June 20, 2014
My Catcher Fetish and Derek Norris
I kind of have a thing for catchers. That’s a weird thing to have to admit, and frankly I didn’t even know this was the case for much of my life. You don’t necessarily know you’re weird until you’re on a podcast with three supposed friends and they call you out for having a catcher fetish. What a shameful moment.
All this is to say, I tend to value catchers more than your average fantasy analyst. There’s not a right or a wrong in this concept, it’s just a different approach. Except when it comes to Derek Norris, in which case it’s a totally correct approach because have you seen his slash line? His .313/.416/.531 line is likely a mirage of sorts, but there’s plenty of supporting evidence as to why Norris, who has previously struggled, is now a monster at the plate.
If we go back to my very first article for BP, I highlighted five post-hype prospects to keep an eye on, including one Derek Norris. I reasoned that:
“There are encouraging signs if you look below the surface. He’s upped his walk rate from 9% to 13% while cutting his strikeout rate an impressive five percentage points from 28% to 23%.”
Even I couldn’t have imagined Norris trimming his strikeout rate down to 15 percent and pushing his walk rate up another three percentage points, though. His eight home runs are one off his career high, and we haven’t reached July. The production is inarguable, but the question is what to expect going forward. Even if the underlying stats say he’s earned what he’s produced, is he going to keep earning that type of production?
Our first look can be at playing time, often an issue for catchers, especially ones that are in a platoon, as Norris is with John Jaso. But is he? Norris has 81 plate appearances against left-handed pitchers and 110 against right-handed pitchers. Now, he’s not an everyday backstop, a la Jonathan Lucroy (another catcher who took his time developing into an all-around force), but that doesn’t mean he’s directly in a platoon, either. Norris has earned and is receiving enough playing time that he should begin to shed the label of platoon bat.
We also want to know if Norris is getting lucky. His BABIP is at a career high .339, but even if that regressed to the league average, he’d be a well-above-average offensive catcher. He’s not the type of speed demon who can support that elevated BABIP, especially since his line-drive rates are just about at his career norms, so we can expect the batting average to drop off a healthy amount but still remain useful.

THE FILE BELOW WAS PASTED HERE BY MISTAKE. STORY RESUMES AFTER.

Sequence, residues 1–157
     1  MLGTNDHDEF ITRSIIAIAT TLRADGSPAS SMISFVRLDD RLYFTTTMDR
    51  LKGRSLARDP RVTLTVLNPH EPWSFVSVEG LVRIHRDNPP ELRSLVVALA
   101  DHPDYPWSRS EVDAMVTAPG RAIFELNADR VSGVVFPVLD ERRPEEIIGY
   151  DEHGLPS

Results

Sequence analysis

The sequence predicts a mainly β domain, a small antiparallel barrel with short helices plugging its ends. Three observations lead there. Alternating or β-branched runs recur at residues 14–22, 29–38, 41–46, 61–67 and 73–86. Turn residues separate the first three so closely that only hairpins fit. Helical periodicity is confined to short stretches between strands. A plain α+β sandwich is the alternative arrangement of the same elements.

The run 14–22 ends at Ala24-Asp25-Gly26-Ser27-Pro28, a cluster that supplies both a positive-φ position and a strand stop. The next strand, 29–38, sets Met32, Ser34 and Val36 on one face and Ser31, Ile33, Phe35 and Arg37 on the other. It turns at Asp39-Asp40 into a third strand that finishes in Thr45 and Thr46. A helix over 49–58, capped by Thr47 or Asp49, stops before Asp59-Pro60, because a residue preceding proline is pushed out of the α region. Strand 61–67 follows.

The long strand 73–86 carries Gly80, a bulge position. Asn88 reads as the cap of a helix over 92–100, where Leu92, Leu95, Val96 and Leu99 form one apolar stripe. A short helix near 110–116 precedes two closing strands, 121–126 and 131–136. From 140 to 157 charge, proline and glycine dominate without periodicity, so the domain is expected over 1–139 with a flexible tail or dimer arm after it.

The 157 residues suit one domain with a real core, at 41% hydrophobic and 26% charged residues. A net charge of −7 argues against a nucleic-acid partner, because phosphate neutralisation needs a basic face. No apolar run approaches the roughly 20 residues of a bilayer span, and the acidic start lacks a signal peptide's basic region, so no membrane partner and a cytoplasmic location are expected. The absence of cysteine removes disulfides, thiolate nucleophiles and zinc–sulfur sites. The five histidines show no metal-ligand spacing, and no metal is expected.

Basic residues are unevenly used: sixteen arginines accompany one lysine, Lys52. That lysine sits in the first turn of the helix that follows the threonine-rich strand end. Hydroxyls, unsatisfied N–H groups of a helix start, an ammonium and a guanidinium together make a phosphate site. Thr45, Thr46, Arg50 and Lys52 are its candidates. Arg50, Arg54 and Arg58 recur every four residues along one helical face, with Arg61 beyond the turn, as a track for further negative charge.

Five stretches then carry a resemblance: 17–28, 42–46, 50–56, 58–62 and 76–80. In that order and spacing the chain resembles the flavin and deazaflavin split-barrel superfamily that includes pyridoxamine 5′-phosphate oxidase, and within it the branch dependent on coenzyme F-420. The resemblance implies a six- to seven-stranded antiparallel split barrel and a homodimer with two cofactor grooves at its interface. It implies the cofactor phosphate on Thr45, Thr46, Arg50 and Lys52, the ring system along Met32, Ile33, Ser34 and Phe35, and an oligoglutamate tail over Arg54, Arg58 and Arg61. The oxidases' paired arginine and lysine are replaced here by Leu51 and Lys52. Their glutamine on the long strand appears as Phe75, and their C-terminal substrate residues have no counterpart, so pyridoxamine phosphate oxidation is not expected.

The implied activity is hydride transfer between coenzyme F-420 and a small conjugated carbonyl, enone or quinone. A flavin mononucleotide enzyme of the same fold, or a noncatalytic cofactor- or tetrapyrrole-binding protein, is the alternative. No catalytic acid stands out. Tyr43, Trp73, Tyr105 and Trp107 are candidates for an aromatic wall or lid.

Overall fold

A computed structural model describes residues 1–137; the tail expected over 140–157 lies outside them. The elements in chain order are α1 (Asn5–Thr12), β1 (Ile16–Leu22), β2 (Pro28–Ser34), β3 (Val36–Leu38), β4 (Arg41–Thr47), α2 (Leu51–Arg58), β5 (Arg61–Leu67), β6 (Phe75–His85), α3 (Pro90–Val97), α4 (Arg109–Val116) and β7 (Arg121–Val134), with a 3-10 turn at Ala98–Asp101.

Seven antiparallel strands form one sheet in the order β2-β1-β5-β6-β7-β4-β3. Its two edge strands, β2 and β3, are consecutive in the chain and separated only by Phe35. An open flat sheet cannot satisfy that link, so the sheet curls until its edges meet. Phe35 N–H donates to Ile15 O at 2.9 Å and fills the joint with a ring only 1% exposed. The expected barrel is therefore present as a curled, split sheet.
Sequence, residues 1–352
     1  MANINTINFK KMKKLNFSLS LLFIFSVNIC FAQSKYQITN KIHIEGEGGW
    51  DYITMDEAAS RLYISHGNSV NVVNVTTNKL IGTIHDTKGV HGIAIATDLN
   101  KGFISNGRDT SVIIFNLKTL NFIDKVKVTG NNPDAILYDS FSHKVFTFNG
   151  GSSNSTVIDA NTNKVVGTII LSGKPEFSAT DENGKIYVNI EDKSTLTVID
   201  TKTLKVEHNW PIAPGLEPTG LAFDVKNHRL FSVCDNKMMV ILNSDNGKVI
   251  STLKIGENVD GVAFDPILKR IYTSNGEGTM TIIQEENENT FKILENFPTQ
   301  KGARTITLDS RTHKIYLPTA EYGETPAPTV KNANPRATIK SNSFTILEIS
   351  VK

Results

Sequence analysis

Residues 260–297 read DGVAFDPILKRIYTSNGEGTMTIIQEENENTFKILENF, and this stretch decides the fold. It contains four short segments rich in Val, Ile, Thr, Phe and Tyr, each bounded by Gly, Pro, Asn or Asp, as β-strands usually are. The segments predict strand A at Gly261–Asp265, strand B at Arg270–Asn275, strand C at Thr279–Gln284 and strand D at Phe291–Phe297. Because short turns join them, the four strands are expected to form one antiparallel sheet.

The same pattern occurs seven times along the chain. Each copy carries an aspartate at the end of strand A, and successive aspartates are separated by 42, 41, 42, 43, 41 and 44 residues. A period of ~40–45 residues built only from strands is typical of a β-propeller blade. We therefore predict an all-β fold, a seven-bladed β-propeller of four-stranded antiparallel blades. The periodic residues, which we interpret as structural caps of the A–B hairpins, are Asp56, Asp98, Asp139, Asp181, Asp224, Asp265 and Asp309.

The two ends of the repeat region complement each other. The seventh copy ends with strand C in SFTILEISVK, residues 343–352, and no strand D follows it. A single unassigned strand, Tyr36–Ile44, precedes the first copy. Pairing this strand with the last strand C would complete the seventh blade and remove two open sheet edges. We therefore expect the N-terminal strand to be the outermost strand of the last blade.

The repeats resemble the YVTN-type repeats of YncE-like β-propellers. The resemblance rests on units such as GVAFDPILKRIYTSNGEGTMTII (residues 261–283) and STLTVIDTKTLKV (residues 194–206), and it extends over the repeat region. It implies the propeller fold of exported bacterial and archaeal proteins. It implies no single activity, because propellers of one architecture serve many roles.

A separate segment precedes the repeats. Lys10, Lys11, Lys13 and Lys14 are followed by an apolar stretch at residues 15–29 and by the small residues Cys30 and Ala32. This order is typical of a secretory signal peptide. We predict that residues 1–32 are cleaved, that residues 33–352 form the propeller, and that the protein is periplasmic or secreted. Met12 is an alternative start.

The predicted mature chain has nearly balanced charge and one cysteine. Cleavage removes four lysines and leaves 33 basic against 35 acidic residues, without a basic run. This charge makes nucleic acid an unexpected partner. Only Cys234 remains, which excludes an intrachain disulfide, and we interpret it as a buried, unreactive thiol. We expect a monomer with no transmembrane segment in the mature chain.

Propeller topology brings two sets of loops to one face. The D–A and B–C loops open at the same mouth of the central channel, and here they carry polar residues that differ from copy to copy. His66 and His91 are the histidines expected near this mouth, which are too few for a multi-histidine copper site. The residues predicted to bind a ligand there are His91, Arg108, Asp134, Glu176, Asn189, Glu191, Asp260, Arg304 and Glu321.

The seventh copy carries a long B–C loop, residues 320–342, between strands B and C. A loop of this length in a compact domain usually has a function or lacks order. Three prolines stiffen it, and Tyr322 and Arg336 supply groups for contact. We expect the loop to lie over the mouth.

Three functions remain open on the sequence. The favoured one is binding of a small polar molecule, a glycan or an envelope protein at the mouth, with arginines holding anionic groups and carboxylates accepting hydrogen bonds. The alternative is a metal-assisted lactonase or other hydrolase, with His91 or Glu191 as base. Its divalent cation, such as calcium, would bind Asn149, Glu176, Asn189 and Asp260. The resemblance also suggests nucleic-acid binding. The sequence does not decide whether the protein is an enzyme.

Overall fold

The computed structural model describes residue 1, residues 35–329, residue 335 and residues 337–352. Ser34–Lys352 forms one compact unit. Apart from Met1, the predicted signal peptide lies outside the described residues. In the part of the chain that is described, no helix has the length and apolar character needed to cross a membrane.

His HR:FB rate is at a career-high, as you might expect, settling at 16.3 percent. That’s not an ungodly figure, and he’s always boasted power, so while we might expect it to drop a bit based on his previous career numbers, it’s not a certainty. Norris appears to be getting more passive at the plate, as we can see in his swing percentage by season, courtesy of Brooks Baseball:
This doesn’t necessarily denote selectivity so much as a willingness to swing less on the whole. Norris is being selective as well, swinging at fewer pitches outside the zone and making more contact when he swings at pitches in the strike zone. His Z-Contact rate (the percentage of balls he makes contact on when swinging at a pitch inside the strike zone) is just short of 93 percent. That’s an incredible figure for someone who struck out in 28 percent of his at-bats less than two seasons ago.
There’s some anecdotal evidence that catchers take longer to blossom at the major league level than other position players, most likely due to the other demands on them within the game. Norris is one example of that, as are the aforementioned Lucroy and Devin Mesoraco, who seems to be coming out of his offensive shell. Even Yadier Molina didn’t reach league-average offensive production until his sixth season in the majors (using wRC+). That’s worth keeping in mind when evaluating the rough offensive starts from touted prospects like Travis D’Arnaud and Mike Zunino, and trying to decide whether they’re worth the investment. You might even be able to sell high on catching prospects before they reach the majors and buy them back at a cheaper price only to receive all the benefit.